We’ve just run a competition to find a new logo.
Below are some of the best entries … can you help us decide?
The cartoons were produced by Lynn Brudon in 1945 to warn US soldiers about the dangers of Malaria.
Why bother to send out invitations.
G.I. bed time story.
”Sure it makes a difference”.
Sloppy Joe, now retired.
The 4 freedoms from malaria.
”Don’t be a damn fool”, why hang out your old caboose for bayonet practice.
You can help Mikado bit his nails.
Some things are hard to understand.
A man on his back can’t fight.
-Atabrine- commando of the blood stream.
Joe fears none.
This is an interview with Sam McConkey, an advisor to the European Vaccine Initiative where he talks about the issues behind developing a malaria vaccine and the promise it holds.
We had enough trouble getting hold of a copy of this book, so we took the step to get it scanned and remastered and reprinted – and it looks beautiful.
The booklet is paperback 43 pages, each one is illustrated, printed on 100g/m² paper with 200g/m² cover, staple bound like the original.
The only addition is on the back page where we have added a barcode and some details about the reprint.
No credit is given in the book to the author, Theodore Geisel (Dr. Seuss), though his style is easy to recognise.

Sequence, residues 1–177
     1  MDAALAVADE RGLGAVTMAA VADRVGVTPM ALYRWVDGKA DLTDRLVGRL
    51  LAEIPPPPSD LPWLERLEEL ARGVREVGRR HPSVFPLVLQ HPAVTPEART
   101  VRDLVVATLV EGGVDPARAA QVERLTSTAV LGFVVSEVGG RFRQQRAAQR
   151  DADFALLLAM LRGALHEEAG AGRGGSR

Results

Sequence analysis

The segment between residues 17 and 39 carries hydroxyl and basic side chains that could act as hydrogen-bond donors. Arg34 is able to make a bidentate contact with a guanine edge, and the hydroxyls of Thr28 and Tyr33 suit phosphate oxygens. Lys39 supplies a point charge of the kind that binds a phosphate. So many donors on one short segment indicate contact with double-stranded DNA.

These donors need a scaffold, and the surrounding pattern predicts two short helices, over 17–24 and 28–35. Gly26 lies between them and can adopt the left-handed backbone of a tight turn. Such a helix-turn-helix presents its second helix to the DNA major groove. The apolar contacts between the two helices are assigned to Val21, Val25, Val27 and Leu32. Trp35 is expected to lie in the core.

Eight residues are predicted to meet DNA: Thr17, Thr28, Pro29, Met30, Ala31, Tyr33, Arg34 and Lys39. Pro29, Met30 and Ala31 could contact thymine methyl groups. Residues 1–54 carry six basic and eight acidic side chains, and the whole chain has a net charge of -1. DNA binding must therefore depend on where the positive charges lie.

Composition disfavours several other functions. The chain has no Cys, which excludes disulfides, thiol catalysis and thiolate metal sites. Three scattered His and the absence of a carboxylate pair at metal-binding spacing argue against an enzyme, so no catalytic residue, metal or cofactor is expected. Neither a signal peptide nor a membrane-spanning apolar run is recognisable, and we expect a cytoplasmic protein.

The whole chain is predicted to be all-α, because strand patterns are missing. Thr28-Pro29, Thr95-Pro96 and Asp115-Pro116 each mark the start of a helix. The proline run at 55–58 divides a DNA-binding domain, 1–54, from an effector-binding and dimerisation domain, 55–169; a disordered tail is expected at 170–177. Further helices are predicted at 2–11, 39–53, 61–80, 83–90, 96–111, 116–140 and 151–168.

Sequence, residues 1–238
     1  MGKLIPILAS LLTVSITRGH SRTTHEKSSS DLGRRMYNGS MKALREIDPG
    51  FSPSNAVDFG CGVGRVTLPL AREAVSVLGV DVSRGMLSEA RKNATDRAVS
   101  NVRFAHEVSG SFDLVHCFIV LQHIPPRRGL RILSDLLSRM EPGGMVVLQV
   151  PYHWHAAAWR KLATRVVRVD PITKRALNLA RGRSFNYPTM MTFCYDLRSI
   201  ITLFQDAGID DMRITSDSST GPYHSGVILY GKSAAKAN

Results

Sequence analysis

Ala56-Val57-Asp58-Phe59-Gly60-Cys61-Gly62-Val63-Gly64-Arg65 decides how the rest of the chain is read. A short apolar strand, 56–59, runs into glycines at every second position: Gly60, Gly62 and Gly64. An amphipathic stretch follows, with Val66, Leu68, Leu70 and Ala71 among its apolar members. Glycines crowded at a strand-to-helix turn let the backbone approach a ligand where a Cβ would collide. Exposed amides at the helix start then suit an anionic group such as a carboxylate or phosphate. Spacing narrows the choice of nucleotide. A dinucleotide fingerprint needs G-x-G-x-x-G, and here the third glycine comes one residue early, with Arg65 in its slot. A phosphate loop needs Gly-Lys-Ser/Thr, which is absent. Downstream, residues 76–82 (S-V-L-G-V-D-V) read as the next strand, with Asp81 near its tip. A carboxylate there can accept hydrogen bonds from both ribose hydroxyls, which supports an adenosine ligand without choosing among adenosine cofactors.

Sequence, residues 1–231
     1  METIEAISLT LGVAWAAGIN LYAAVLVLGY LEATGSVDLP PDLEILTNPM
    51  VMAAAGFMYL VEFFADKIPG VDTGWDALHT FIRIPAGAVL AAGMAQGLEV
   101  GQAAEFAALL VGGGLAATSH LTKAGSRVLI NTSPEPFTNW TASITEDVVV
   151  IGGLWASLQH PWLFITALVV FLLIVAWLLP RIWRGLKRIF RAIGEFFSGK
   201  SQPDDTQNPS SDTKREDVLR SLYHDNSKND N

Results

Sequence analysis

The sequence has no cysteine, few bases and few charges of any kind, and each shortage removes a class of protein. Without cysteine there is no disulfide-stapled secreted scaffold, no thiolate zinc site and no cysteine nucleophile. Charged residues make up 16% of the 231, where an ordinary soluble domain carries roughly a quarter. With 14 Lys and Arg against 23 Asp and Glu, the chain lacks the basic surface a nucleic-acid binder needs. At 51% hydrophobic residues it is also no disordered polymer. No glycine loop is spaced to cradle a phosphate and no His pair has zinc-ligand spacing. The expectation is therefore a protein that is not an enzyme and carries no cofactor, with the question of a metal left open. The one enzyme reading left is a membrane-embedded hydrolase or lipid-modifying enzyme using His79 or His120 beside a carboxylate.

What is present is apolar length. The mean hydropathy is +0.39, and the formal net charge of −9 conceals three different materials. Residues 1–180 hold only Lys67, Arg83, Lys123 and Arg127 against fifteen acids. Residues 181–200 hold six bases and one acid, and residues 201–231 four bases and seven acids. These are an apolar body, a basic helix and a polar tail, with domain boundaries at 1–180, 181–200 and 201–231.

This Is Ann – She’s dying to meet you. Dr. Seuss. Malaria.
In 2002 the genome sequence of Plasmodium falciparum, the parasite causing the most severe type of human malaria, was completed. Thus began the post genomic era of Malaria research and a wealth of new observations of the basic biology of malaria parasites that are leading to new approaches to fighting the disease.
With thanks to Don Powell and Matt Berriman from the Sanger Institute, we now have a 3m * 1m beautiful printout of the genome map as part of the collection and the opening exhibit to an explanation of some of the research that this information has enabled.
Finally ! 2 years and a couple of favours later, the Malaria Museum is now the proud owner of Dr. Seuss’ “This is Ann”.
After a tip-off from Chris in Rio de Janiero that the book existed and a photo copy of a photo copy to take home I began the hunt to get hold of a copy.
It hasn’t been easy on the Museum budget, but finally, with the further help of Lenore in the USA and Daniel in Ireland we have managed to get a great condition copy.
Thank you to those involved.
Check it out:
This is Christoph Niemann’s interpretation of a night with a mosquito.
More of his work at http://christophniemann.com